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  • Belated Reception:James Joyce's Works in Hungary
  • Marta Goldmann (bio)

The reception of a foreign writer in another country depends not just on that country's literary climate at any given point in time, but also on its social, economic and political conditions. This holds especially true for a country like Hungary with its complicated and fluctuating political history, where Joyce's 'official' acceptance came rather late – not before the mid-1980s, to be precise. Ironically, this was considerably later than in the other, less liberal ex-communist countries. What distinguished Hungary from its communist neighbours was the role played by one man, a Hungarian and arguably the most eminent Marxist literary theoretician, namely Georg Lukács (1885–1971). It was his rejection of Joyce, a rejection that carried over to his pupils, that had a profound and lasting impact on the Hungarian reception of the Irish writer. With the waning of Lukács's influence interest in Joyce surged, with Hungarian scholars understandably taking a particular interest in the Hungarian dimensions of Joyce's writings, including the many Irish and Hungarian historical and cultural parallels. Some of the more recent results have been published in English, such as Tekla Mecsnóber's essay 'James Joyce, Arthur Griffith, Trieste, and the Hungarian National Character' in the James Joyce Quarterly,1 while a whole panel at the 2002 James Joyce Symposium in Trieste was dedicated exclusively to exploring Joyce's Hungarian nexus. This seems as good a moment in time as any, therefore, to take stock of the reception of James Joyce's works in Hungarian literature and culture past and present. In the following three sections I hope to provide an outline both of the critical reception of Joyce in Hungary as well as his creative adaptation by fellow writers. First, I will examine how the development and strengthening of Marxist ideology in the mid-twentieth-century impacted on, but also hampered, a sympathetic reception of Joyce's work. Second, I will provide an overview of Joyce's influence [End Page 227] on Hungarian creative writers, both acknowledged and unacknowledged by the authors themselves. And finally, the essay will conclude with an assessment of the Hungarian translations of Joyce's works.2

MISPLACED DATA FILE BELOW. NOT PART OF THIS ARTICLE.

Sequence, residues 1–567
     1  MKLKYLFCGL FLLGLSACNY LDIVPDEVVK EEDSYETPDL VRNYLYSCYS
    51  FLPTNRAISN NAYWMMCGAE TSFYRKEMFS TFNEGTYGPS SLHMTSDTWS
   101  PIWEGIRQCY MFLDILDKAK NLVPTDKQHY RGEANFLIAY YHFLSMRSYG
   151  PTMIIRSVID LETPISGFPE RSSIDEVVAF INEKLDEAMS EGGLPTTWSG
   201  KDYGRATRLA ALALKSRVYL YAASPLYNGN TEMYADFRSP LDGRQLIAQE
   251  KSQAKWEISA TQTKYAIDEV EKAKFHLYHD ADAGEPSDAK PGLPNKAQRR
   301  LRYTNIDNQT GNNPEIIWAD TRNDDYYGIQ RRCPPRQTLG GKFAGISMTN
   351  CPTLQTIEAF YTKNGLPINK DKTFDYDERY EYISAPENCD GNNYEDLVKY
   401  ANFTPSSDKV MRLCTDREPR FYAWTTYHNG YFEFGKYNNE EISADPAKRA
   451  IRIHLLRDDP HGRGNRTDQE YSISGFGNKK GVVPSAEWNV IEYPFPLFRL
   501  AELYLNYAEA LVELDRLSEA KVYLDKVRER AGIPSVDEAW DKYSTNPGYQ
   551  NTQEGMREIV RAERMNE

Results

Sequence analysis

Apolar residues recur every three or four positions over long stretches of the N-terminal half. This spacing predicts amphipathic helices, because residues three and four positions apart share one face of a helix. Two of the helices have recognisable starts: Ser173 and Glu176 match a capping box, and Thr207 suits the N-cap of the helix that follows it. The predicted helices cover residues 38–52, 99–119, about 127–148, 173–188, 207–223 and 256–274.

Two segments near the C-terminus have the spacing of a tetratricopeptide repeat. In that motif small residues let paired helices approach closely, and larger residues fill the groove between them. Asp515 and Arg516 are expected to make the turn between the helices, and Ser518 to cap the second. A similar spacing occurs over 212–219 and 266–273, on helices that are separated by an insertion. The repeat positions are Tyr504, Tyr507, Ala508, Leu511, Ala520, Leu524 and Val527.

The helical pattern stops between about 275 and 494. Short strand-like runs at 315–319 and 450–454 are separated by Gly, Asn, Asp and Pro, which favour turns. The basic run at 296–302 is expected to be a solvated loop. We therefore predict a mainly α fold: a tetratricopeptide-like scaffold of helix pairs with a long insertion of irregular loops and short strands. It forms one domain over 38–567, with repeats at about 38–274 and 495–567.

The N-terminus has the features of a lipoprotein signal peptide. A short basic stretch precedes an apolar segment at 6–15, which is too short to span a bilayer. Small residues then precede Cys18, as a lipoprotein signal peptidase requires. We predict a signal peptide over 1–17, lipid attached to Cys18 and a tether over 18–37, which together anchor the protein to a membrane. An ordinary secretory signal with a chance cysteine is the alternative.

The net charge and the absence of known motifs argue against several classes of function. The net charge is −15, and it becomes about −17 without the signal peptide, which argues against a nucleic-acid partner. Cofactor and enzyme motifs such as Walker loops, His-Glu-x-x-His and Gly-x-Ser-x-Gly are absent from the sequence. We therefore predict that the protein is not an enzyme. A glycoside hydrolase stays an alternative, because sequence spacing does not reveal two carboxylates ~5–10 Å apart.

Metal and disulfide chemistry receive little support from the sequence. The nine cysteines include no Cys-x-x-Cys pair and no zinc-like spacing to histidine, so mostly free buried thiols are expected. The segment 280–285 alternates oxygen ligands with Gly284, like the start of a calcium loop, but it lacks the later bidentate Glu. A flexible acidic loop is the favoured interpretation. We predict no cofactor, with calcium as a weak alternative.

The first mention of James Joyce in Hungarian critical writing dates from the 1920s. Since then, many hundreds of responses, positive and negative, have referred not only to Joyce's work, but also to the profound influence he has exerted on other writers. Not surprisingly, the positive and negative responses to Joyce in Hungary correspond by and large to the fluctuating ideological trends that characterize the history of Hungarian literary criticism. In reviewing Joyce criticism in Hungary, one can distinguish three major periods: the interwar and postwar criticism of the 1920s, 1930s and early 1940s; Marxist criticism; and the most recent wave of what might be called 'self-reflexive' criticism, reaching from the 1980s to the present. The first and third periods have been essentially positive in their appreciation of Joyce's works, while the second, owing to ideological reasons, has tended to be negative. I will look at these three trends or periods in this sequence.

1 Interwar and Postwar Criticism: The 1920s to Early 1940s

Following the turn of the century, literary life in Hungary was very lively and open to modernist Western influences. In fact, one of the most prominent among the many literary periodicals of the period, starting publication in 1908, was called Nyugat (The West). It was created with an eye to importing modern, and by implication predominantly Western, literature for its mainly urban readers. Like Nyugat, many of these magazines employed the talents of the most capable and free-thinking writers and poets of the time, such as Endre Ady, Zsigmond Móricz, Dezső Kosztolányi, and Mihály Babits, among others, who eagerly translated works by Western avant-garde authors and wrote reviews and essays about them for their Hungarian audience.

Traditionally, and due to its proximity to Austria (indeed Hungary had been part of the Austro-Hungarian Empire until 1918), Hungarian culture had been dominated by German influences, but even before the Empire's dissolution and Hungary's independence...


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pp. 227-248
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Archived 2009
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